It is important to distinguish deontological moral theories from absolutist moral theories. Moral absolutism is the view according to which some actions are wrong whatever the consequences. Moral absolutism about lying, for example, would say that the lying is always wrong, whatever the consequences. Moral absolutism differs from deontology in the following way. Absolutism endorses two claims: (1) some actions are intrinsically right or wrong; (2) the consequences of an action of this sort (e.g. lying) can never override its intrinsic rightness or wrongness. A deontological ethical theory is committed to (1) but not to (2). All absolutist theories are therefore deontological, but not all deontological theories are absolutist.

Although deontological ethical theories are not necessarily absolutist, some important deontologists have been. Kant’s infamous discussion of the inquiring murderer suggests that he held that the deontological constraint on lying is absolute. An important contemporary deontologist, Charles Fried, endorses absolutism in the following passage: "Ordinary moral understanding, as well as many major traditions of Western moral theory, recognize that there are some things which a moral man will not do, no matter what…It is part of the idea that lying or murder are wrong, not just bad, that these are things you must not do—no matter what. They are not mere negatives that enter into a calculus to be outweighed by the good you might do or the greater harm you might avoid. Thus the norms which express deontological judgments—for example, Do not commit murder—may be said to be absolute. They do not say: ‘Avoid lying, other things being equal’, but ‘Do not lie, period’" (Davis 1993, p. 205).

Other deontologists, such as W.D. Ross hold that one may in exceptional circumstances break deontological constraints. Ross distinguishes between prima facie duties and what he calls duties proper. The concept of a prima facie duty is the concept of a duty, which though it is a significant reason for not doing something, is not absolute, but must be weighed up against other duties. A duty proper refers to the action that must be done when all the prima facie duties have been considered and weighed. To illustrate, Ross thinks that people have duties to keep their promises, and duties of benevolence: These are, then, prima facie duties. Insofar as these prima facie duties come into conflict (and one cannot keep a promise and act with benevolence), one must decide on the basis of contextual details, which of these duties is most pressing. The action which is judged to be, all things considered, the right thing to do, is the duty proper. Ross’s theory is an example of a moderate deontology, that is, deontology without absolutism.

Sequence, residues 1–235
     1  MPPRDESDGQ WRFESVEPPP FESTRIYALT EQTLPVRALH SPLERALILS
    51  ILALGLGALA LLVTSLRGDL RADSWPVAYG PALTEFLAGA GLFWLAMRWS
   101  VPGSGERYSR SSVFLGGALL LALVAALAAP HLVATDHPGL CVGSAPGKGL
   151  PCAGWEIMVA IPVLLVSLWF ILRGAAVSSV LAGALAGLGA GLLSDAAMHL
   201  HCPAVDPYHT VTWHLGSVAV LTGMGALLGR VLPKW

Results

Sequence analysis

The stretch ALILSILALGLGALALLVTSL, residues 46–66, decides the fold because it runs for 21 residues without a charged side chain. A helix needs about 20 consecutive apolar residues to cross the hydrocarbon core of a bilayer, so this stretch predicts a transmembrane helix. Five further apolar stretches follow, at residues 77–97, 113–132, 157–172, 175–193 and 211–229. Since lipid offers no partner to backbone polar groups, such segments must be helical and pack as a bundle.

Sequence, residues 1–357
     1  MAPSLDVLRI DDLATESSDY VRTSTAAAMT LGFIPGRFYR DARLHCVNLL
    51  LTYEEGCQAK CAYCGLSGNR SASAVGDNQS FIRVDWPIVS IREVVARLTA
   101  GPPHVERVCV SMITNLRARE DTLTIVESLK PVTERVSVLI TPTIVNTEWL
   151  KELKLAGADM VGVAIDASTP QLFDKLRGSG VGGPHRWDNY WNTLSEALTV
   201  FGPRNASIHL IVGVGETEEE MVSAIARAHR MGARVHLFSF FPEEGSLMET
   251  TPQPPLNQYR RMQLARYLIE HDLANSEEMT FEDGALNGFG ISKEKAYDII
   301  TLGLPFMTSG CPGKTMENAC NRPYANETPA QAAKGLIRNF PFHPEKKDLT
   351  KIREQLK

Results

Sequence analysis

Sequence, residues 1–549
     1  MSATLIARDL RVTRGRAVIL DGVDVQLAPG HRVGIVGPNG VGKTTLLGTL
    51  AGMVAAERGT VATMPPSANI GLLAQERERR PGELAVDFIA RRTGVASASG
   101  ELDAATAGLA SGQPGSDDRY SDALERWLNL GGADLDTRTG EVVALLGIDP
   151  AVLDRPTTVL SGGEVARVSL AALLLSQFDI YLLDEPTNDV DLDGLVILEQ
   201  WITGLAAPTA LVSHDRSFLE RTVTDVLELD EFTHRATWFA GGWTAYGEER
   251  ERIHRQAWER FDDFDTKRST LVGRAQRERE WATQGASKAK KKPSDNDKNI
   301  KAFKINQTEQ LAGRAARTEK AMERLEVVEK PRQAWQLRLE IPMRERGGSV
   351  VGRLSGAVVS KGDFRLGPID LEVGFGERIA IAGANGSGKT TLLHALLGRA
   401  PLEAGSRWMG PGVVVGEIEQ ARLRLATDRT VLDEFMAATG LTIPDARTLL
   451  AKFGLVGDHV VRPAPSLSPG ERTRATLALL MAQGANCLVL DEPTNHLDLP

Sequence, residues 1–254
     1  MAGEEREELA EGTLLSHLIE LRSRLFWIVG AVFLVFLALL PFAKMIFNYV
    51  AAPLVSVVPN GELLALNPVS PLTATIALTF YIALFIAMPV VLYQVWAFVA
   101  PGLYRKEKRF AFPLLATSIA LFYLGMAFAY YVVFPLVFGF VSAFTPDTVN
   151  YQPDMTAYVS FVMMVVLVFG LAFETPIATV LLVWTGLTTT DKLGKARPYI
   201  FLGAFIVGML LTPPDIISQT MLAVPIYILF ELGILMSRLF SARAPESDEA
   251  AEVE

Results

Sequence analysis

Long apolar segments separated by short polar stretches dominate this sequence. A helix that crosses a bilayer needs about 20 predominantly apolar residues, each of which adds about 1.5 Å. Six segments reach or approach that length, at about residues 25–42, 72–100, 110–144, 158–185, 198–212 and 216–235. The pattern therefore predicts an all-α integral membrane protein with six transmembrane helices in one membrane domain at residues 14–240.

Deontological ethics and duty

What sorts of duties do deontological theorists endorse? Deontologists normally recognize two classes of duties: (1) general obligations and (2) special obligations. General prohibitions include many of the commandments endorsed by Judao-Christian religious thinking, including prohibitions on lying, cheating, promise breaking, murdering, and torturing. One might say that they are general because they are owed to all human beings. By contrast, special obligations are those obligations which derive from one’s having made a promise, signed a contract, or as a result of occupying a social role such as being a teacher or doctor or a parent. It is easy to see that these obligations do not bind everyone in the same way. If one has made a promise to do something, say, to wash the dishes, then this gives you a reason to do it, a reason which does not bind someone who has not promised. Similarly, a teacher is required to perform actions not required of everyone simply in virtue of being a teacher. This entails that the identity of the agent often seems relevant to ascertaining what he or she is obligated to do.